Invasive Species Compendium

Detailed coverage of invasive species threatening livelihoods and the environment worldwide

Abstract

Vancomycin enhances growth and virulence of Trichosporon spp. planktonic cells and biofilms.

Abstract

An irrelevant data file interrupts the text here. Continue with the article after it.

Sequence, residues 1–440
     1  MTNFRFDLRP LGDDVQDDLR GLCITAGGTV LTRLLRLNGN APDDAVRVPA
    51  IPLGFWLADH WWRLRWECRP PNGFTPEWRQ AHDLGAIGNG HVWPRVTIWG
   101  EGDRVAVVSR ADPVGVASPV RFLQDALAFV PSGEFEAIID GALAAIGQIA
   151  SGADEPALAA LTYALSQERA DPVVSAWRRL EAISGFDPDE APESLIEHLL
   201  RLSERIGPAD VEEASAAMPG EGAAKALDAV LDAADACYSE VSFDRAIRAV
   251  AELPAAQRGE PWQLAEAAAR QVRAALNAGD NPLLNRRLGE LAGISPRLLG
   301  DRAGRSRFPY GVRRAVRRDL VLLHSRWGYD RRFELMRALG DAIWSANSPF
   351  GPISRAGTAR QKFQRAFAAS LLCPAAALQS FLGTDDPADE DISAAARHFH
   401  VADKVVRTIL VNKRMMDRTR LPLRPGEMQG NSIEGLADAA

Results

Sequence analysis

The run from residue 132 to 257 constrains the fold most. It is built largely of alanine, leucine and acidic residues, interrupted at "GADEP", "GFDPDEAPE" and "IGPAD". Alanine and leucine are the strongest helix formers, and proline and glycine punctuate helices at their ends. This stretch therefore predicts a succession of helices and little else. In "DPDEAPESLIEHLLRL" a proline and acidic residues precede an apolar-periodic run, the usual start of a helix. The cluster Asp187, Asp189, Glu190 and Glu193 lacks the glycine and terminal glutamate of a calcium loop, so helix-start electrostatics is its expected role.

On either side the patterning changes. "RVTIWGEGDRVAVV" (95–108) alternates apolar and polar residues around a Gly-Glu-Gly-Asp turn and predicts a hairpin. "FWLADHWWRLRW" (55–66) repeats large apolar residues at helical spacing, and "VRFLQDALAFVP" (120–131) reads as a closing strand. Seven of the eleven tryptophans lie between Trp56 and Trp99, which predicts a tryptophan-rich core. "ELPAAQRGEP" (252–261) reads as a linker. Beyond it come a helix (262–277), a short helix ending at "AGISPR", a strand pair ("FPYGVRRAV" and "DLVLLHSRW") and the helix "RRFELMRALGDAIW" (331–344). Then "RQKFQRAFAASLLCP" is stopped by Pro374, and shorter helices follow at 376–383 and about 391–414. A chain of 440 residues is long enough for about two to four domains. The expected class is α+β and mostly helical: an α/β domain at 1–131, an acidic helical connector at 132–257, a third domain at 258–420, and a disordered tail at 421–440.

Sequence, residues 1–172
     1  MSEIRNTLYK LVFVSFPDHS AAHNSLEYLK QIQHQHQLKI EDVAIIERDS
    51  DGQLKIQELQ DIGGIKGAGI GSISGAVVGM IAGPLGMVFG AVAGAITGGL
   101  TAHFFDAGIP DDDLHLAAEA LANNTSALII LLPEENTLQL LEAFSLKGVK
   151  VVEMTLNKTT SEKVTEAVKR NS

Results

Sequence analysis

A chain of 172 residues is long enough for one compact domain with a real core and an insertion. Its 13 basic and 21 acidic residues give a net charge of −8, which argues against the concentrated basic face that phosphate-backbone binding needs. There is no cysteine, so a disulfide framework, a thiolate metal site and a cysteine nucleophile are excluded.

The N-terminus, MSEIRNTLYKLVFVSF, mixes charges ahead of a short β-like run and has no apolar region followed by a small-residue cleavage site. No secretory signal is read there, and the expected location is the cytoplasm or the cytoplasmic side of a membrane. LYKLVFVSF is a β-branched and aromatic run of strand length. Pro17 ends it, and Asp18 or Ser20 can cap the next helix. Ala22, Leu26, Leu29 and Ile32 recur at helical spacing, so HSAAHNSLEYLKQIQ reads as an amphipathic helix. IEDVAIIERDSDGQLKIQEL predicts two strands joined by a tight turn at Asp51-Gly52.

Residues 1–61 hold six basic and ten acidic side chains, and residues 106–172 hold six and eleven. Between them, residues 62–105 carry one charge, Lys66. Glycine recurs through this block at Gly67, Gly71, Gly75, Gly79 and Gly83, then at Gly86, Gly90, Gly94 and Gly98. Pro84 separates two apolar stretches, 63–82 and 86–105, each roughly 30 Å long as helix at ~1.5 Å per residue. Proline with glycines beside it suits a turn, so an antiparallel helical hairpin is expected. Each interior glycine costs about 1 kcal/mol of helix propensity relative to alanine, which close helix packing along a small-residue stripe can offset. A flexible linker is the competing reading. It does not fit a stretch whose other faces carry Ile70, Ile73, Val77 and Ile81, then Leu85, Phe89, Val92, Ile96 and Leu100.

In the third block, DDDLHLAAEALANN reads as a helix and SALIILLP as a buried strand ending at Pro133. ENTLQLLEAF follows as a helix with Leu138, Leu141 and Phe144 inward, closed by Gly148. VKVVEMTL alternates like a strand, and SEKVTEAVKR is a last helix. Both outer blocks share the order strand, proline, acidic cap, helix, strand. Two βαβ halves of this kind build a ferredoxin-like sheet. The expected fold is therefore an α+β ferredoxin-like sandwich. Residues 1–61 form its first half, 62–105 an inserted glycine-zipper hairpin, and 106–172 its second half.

Invasive fungal infections (IFIs) are important worldwide health problem, affecting the growing population of immunocompromised patients. Although the majority of IFIs are caused by Candida spp., other fungal species have been increasingly recognized as relevant opportunistic pathogens. Trichosporon spp. are members of skin and gut human microbiota. Since 1980's, invasive trichosporonosis has been considered a significant cause of fungemia in patients with hematological malignancies. As prolonged antibiotic therapy is an important risk factor for IFIs, the present study investigated if vancomycin enhances growth and virulence of Trichosporon. Vancomycin was tested against T. inkin (n = 6) and T. asahii (n = 6) clinical strains. Planktonic cells were evaluated for their metabolic activity and virulence against Caenorhabditis elegans. Biofilms were evaluated for metabolic activity, biomass production, amphotericin B tolerance, induction of persister cells, and ultrastructure. Vancomycin stimulated planktonic growth of Trichosporon spp., increased tolerance to AMB, and potentiates virulence against C. elegans. Vancomycin stimulated growth (metabolic activity and biomass) of Trichosporon spp. biofilms during all stages of development. The antibiotic increased the number of persister cells inside Trichosporon biofilms. These cells showed higher tolerance to AMB than persister cells from VAN-free biofilms. Microscopic analysis showed that VAN increased production of extracellular matrix and cells in T. inkin and T. asahii biofilms. These results suggest that antibiotic exposure may have a direct impact on the pathophysiology of opportunistic trichosporonosis in patients at risk.